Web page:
Representatives of the major U.S. Jewish groups, expressing "profound shock and dismay" over Pope John Paul II's plans to receive Austria President Kurt Waldheim next week, threatened yesterday to boycott a ceremonial meeting with the pontiff in Miami in September.
They called for a substantive meeting with the pope before his U.S. tour to discuss his decision to meet with Waldheim or for changes in the format of the Miami meeting.
"Clearly, now, the planned ceremonial meeting with the pope . . . Sept. 11 is an inappropriate forum to discuss this and other urgent issues of Catholic-Jewish relations," leaders of eight groups said in a joint statement after a three-hour meeting in New York yesterday morning.
The Vatican and the Austrian government announced Wednesday that Waldheim, who is suspected of complicity in Nazi war crimes, will pay an official visit at the Vatican Thursday.
Rabbi Marc Tanenbaum of the American Jewish Committee said yesterday that "the depth of feeling" at the strategy session of some 30 Jewish leaders "was so profound that no one was prepared to go through the ceremonial meeting in Miami without going into the substantive issues."
Tanenbaum, whose has been involved for decades in Christian-Jewish dialogues, said he has initiated efforts to meet next week with Archbishop Pio Laghi, the pope's personal U.S. representative, to try to set up a "substantive" meeting with the pope.
The hour-long Miami meeting, scheduled on the first full day of the pope's 10-day visit to this country, is characterized by Roman Catholic officials as a "limited dialogue." The pontiff and Rabbi Gilbert Klapperman, president of the Synagogue Council of America, each will read prepared papers to an audience of some 200 persons, nearly one-fourth of them Catholic dignitaries.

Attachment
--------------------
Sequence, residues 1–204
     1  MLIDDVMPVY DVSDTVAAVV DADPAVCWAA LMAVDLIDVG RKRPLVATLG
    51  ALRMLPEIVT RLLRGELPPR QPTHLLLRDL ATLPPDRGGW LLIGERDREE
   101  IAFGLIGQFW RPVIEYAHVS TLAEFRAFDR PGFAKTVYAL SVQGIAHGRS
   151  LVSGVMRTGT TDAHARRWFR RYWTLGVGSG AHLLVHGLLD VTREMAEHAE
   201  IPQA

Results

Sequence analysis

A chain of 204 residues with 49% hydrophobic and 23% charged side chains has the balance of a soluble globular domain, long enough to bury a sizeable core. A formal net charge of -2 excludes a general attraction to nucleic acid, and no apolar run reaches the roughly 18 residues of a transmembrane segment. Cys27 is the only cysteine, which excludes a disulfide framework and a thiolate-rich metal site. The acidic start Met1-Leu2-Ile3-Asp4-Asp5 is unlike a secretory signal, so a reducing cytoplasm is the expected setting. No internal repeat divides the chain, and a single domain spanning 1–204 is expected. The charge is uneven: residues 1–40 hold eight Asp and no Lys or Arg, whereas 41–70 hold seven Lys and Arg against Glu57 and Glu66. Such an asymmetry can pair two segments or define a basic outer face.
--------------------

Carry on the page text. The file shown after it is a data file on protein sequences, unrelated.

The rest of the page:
The structure of the meeting and pool news media coverage will preclude serious discussion of issues that troubled the Jewish community even before the Waldheim affair. Those include the Vatican's failure to recognize the state of Israel, anti-Semitism and theological considerations relating to Israel.
Archbishop Thomas Kelly of Louisville, chairman of the papal visit committee, expressed sympathy with the Jewish leaders' concerns but said that the pope "doesn't have the command of English" to permit a more informal, give-and-take discussion.
Participants in yesterday's meeting were the Synagogue Council of America, the American Jewish Committee, the American Jewish Congress, B'nai B'rith, the Anti-Defamation League, the National Jewish Community Relations Advisory Council, the World Jewish Congress and representatives of the Jewish community in Miami.
Tanenbaum called the group's action "a unified Jewish concensus . . . communal groups, Orthodox, Conservative and Reform -- that's no small achievement."